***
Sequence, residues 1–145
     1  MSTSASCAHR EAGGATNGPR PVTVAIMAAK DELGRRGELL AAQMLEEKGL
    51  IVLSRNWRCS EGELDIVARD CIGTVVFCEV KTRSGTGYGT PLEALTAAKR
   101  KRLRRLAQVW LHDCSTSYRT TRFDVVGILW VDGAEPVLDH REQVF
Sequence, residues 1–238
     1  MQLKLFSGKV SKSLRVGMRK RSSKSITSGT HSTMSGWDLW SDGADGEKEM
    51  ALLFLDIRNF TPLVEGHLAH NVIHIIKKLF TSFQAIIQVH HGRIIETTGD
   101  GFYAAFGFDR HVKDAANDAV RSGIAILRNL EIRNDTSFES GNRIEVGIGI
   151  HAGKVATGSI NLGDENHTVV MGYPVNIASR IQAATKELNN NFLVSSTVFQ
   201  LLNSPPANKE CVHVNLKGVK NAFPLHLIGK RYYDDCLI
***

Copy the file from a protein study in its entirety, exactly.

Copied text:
Sequence, residues 1–145
     1  MSTSASCAHR EAGGATNGPR PVTVAIMAAK DELGRRGELL AAQMLEEKGL
    51  IVLSRNWRCS EGELDIVARD CIGTVVFCEV KTRSGTGYGT PLEALTAAKR
   101  KRLRRLAQVW LHDCSTSYRT TRFDVVGILW VDGAEPVLDH REQVF
Sequence, residues 1–238
     1  MQLKLFSGKV SKSLRVGMRK RSSKSITSGT HSTMSGWDLW SDGADGEKEM
    51  ALLFLDIRNF TPLVEGHLAH NVIHIIKKLF TSFQAIIQVH HGRIIETTGD
   101  GFYAAFGFDR HVKDAANDAV RSGIAILRNL EIRNDTSFES GNRIEVGIGI
   151  HAGKVATGSI NLGDENHTVV MGYPVNIASR IQAATKELNN NFLVSSTVFQ
   201  LLNSPPANKE CVHVNLKGVK NAFPLHLIGK RYYDDCLI